The residence designed by Evert Södergren & Ralph Anderson reflects a high point in the aesthetic trend called Pacific Northwest Regionalism which peaked in the 1960's and 70's. Both men--each through his own distinct media--fostered the development of this local movement. So the Studio House may be viewed as a case study in Northwest Regionalism.
Acquired as a small beach cabin in the early 1950's, Södergren & Anderson expanded the modest structure in 1972 to nearly 3,700 SF (not including garages & shop spaces).
The expanded structure architecture emphasizes numerous decks which extend from the home's exotic eastern facade toward the water.
Heavily hand-carved pickets -- course in terms of material yet sinuous in design, mirrors the boat oars that cut through Lake Washington below each day. These pickets both support the railings of the hefty decks while beckoning toward the surface of the Lake. Södergren designed and hand-built several small dinghies during his lifetime for personal and family use.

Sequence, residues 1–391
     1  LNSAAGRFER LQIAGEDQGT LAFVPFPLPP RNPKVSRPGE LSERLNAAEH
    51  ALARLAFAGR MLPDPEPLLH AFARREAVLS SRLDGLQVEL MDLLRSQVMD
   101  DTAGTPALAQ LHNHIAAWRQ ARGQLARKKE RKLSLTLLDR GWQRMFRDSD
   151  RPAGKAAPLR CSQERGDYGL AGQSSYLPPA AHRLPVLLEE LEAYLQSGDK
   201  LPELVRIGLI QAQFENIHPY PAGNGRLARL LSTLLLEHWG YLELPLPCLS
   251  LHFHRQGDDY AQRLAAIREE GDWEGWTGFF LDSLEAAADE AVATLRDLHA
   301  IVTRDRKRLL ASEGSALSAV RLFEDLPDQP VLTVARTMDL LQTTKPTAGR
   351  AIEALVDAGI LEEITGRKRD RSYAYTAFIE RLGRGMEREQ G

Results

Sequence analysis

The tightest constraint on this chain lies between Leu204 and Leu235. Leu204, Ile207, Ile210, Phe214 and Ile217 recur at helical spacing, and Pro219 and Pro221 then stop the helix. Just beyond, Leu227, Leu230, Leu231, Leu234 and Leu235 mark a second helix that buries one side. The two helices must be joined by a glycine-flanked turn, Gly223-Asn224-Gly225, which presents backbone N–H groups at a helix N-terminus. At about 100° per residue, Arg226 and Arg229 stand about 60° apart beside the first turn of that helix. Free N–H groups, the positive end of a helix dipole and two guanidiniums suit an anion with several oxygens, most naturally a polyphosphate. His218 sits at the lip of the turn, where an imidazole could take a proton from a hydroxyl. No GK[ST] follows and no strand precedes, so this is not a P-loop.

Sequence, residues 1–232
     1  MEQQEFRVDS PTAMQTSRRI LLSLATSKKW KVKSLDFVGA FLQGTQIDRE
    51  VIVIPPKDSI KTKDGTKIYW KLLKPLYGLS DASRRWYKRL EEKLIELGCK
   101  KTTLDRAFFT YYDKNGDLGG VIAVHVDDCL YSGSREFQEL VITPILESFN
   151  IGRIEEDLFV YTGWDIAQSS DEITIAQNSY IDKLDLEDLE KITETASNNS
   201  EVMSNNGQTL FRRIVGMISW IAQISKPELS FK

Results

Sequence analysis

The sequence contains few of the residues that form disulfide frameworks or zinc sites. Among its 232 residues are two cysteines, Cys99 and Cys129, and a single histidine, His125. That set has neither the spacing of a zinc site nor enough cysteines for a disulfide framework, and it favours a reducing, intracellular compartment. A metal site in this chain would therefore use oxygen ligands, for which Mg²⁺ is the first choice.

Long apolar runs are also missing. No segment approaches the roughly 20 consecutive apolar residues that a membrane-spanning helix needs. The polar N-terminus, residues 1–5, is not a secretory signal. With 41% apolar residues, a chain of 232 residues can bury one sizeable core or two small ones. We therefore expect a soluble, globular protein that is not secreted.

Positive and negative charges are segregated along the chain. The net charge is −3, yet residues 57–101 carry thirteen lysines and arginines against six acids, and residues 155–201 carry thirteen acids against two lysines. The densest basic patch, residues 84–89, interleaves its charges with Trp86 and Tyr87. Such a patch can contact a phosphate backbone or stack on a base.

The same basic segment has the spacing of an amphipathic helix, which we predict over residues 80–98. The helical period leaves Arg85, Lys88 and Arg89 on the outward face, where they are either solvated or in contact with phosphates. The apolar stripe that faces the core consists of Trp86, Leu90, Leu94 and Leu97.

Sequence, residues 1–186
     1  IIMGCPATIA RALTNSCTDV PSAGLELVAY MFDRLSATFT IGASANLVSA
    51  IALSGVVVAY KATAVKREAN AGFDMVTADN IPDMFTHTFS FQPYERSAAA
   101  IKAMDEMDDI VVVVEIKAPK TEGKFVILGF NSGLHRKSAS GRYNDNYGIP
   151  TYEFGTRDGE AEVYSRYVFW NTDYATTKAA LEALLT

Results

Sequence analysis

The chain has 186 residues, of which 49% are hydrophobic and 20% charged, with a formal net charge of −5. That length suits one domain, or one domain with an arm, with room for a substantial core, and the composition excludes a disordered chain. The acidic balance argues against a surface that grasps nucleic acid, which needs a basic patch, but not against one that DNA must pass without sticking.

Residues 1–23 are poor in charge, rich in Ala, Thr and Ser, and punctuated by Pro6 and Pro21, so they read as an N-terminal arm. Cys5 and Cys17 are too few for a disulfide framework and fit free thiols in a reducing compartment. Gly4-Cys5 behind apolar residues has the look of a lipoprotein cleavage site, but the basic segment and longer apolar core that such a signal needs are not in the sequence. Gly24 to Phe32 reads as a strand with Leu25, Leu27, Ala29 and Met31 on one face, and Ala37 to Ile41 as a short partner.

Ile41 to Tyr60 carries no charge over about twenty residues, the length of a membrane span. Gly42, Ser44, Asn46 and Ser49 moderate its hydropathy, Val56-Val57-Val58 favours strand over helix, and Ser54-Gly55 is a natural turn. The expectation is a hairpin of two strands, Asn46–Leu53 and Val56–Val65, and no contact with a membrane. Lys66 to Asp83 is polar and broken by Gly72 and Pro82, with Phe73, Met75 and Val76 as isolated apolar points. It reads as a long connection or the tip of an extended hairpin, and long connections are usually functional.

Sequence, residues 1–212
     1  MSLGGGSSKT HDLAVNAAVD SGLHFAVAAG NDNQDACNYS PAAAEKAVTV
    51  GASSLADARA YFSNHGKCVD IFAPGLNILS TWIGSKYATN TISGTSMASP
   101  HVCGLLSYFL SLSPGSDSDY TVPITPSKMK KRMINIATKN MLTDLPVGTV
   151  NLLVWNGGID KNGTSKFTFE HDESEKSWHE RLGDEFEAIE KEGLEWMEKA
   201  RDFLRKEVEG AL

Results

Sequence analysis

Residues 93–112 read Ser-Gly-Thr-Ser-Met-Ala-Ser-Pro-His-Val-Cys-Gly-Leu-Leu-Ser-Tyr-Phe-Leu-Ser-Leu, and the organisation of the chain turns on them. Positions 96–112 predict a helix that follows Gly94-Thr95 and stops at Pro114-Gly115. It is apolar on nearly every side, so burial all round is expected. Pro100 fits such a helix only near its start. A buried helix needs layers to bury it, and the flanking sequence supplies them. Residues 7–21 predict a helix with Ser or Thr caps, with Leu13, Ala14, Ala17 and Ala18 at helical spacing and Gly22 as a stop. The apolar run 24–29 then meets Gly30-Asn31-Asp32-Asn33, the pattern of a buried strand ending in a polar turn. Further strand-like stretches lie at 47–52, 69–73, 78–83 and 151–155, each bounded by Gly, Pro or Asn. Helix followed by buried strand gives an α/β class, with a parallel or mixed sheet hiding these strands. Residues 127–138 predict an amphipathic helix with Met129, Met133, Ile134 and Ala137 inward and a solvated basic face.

An arch motif, replicated throughout windows, doorways, and original cabinetry, connects the house to the New Formalist movement popular at the time but mostly applied to public buildings such as the Seattle Science Center. The interior floors are covered with a teak parquet, hand crafted, of course, by Evert.
The crowning interior architectural tour de force of Södergren's Studio House is the hand-wrought spiral staircase crafted from floating oaken stair treads splaying from a large, vertical threaded nut. This architectural metaphor for the crafted furniture that Södergren would go on to produce prolifically in the Studio House until his death in 2013, is as strong an illustration of any that architecture is frozen music.
“Music is liquid architecture; Architecture is frozen music.”